EDITOR’S NOTE: This week, ESPN Films released a digital short entitled The Throwback, which tells the story of Gordie Lockbaum on the 30th anniversary of his first (of two) Heisman Trophy bids. Mike Philbrick, an editor at ESPN and a graduate of Lockbaum’s alma mater, The College of the Holy Cross, wrote a companion piece to the short that explored the story of Rick Carter, Lockbaum’s first coach at the school.
“I just wanted to do a good job for Coach Carter. I didn’t want to disappoint him.”
That’s the quote I heard from every player, coach and administrator I spoke with when I was researching the recently published ESPN.com piece looking at the tragic tenure of Rick Carter’s football coaching career at The College of the Holy Cross.
And the deeper I went, the more I felt the same. I didn’t want to disappoint Coach.
To fully understand this story you don’t need to put yourself in Coach Carter’s shoes as a successful football coach, you need to put yourself in 1985.
I can’t emphasize enough how impossible a place Coach Carter found himself in. As is said in the column, this story occurred before many mental illnesses were in the mainstream of acceptance.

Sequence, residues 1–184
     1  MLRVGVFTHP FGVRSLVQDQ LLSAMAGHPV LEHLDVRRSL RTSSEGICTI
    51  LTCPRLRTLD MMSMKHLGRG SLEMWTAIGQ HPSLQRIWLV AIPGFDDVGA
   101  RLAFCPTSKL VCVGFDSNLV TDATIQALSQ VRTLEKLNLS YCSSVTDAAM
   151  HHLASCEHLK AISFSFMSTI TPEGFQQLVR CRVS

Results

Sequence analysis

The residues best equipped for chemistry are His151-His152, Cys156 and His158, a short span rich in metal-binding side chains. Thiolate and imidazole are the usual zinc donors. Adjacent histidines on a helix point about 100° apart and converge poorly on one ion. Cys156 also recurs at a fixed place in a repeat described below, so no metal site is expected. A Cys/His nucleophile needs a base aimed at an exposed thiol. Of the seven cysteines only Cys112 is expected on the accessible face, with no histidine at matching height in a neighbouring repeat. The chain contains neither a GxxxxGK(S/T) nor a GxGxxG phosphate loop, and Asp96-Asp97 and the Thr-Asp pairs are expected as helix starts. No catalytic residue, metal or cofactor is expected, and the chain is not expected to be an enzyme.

Post-partum depression? That was the baby blues. Just hold your baby and you will feel fine. PTSD? That was just battle fatigue. Give it time. You’ll be fine.
That’s what was missing. That piece were if someone was in bed for 36 hours unable to move by crippling depression was no different chemically than someone in the bathroom all afternoon because they have Crohn’s disease. Thankfully, opinions and treatment options would change, but not in time for Coach Carter.
This story isn’t just important because as an alumnus of Holy Cross I feel that Coach Carter’s legacy needs to be recognized, but because the time of year it is. The holiday season is a joyous time to share with family and friends, but if you are battling depression, it can be a catalyst to just the opposite.